So I guess I’m an “underwear guy”

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George Vecsey wrote for the New York Times for 43 years. He’s retiring now. Unlike some others of his generation, he pretty much kept his fastball until the end and even when I disagreed with him I thought he was a great writer who really understood the game and the context in which it existed.

He’d get cranky sometimes, but rarely if ever do I call him pulling the “back in my day” baloney some older columnists use to disparage younger players, and that is probably one of the harder things to do in that business, what with your memory and experience becoming more valuable as you progress in your career.

Sadly, however,  in an interview about his life and career over at The Morning Delivery blog, Vecsey decided to employ that approach to disparage new media:

Q. How optimistic are you for the future of the U.S. Newspaper Industry?

A: Not. Newspapers are the engines that drive the Web. Without editors planning assignments and copy editors fixing mistakes, reporters quickly deteriorate into Underwear Guys writing blogs from their den. The sad thing is that everybody knows it—even politicians and business people know they need some source of actual information, even if they get whacked once in a while. But the economics and timidity of the newspaper business are working against that future. And the bloggers brag about knowing how things work from the sanctity of their dens.

I’ll have Mr. Vecsey know that, while I happen to be writing from my den, I am not writing this in my underwear. I am wearing pajama pants, slippers and a San Francisco Seals shirt.  But hey, at least I’m not assumed to be in my mother’s basement anymore. Guess we Underwear Guys are moving up in the world.

More seriously, I defy Mr. Vecsey or anyone else who buys what he’s selling here to find any blogger worth a damn who thinks that real reporters doing real reporting are somehow obsolete.  Yes, the medium of actual printed newspapers may be dying, but the business of gathering and disseminating information is not. Even if it can be done from a den as opposed to a newsroom.

Oh well. Maybe someday “Underwear Guys” and similar smears will die out. Guess it won’t be today.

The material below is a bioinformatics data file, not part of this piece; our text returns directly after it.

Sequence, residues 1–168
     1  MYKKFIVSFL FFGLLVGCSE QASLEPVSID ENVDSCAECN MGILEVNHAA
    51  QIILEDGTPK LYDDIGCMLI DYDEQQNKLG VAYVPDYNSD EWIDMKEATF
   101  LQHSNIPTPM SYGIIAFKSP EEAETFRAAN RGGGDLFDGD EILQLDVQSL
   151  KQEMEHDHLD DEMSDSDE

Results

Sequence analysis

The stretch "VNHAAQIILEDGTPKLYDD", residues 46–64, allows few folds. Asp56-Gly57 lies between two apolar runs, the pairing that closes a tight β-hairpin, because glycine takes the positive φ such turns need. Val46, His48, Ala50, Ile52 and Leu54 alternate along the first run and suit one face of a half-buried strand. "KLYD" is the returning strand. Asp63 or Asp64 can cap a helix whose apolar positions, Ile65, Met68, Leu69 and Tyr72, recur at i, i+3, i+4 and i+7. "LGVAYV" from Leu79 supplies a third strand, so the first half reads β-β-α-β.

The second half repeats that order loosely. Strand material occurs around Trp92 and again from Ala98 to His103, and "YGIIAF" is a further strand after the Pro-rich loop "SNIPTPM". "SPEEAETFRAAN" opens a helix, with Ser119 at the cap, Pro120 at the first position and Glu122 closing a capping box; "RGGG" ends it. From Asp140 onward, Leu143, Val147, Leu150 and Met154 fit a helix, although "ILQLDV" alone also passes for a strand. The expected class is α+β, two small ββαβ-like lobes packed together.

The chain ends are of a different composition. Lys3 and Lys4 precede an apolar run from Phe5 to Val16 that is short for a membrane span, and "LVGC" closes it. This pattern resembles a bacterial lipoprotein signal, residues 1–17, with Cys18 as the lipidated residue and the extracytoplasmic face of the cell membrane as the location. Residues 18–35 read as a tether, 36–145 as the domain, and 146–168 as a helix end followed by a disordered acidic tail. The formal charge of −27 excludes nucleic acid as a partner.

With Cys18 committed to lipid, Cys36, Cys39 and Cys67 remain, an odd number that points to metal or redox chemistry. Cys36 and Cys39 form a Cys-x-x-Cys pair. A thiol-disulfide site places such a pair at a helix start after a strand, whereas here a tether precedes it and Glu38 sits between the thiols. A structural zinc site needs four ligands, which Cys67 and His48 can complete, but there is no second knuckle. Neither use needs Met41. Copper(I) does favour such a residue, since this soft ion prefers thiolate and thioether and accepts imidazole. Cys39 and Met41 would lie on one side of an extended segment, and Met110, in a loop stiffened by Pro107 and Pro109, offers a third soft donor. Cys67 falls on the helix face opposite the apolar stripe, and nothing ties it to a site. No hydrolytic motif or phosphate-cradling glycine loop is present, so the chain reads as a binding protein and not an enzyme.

Sean Manaea pitches first no-hitter of 2018

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Athletics southpaw Sean Manaea delivered his first career no-hitter against the Red Sox in a decisive 3-0 victory on Saturday night. Any thought of a perfect game was banished in the first at-bat, when Mookie Betts drew a leadoff six-pitch walk to open the first inning. From there, Manaea was nearly flawless, holding the Sox to four total baserunners and striking out 10 of 30 batters faced — a career record.

Manaea was gifted a three-run lead thanks to RBI doubles from Jed Lowrie and Stephen Piscotty and Marcus Semien‘s solo shot off of Chris Sale in the fifth inning. While the Red Sox managed to draw two walks off of Manaea, they didn’t come anywhere close to plating a run. Andrew Benintendi tried to break up the no-no in the sixth inning with an infield hit down the first base line, but strayed out of bounds and later saw his hit reversed on a call of batter interference.

Entering the ninth inning, the 26-year-old lefty was sitting at just 95 pitches through eight frames of no-hit ball. He quickly deposed Blake Swihart and Mookie Betts with a groundout and fly out, then walked Benintendi on seven pitches. Any threat the Red Sox might have posed was soon eliminated, however, as Hanley Ramirez ground into a force out to complete the no-hitter.

Manaea is the first A’s pitcher to toss a no-no since Dallas Braden’s perfect game against the Rays eight years ago. The last time the Red Sox were on the losing end of a no-hitter was also against an AL West rival, when the Mariners’ Chris Bosio clinched a 2-0 no-no on April 22, 1993. Manaea’s feat is even more outstanding given how dominant the Red Sox have looked this season: prior to Saturday’s defeat, they boasted a 17-2 record and had yet to be shut out during the regular season.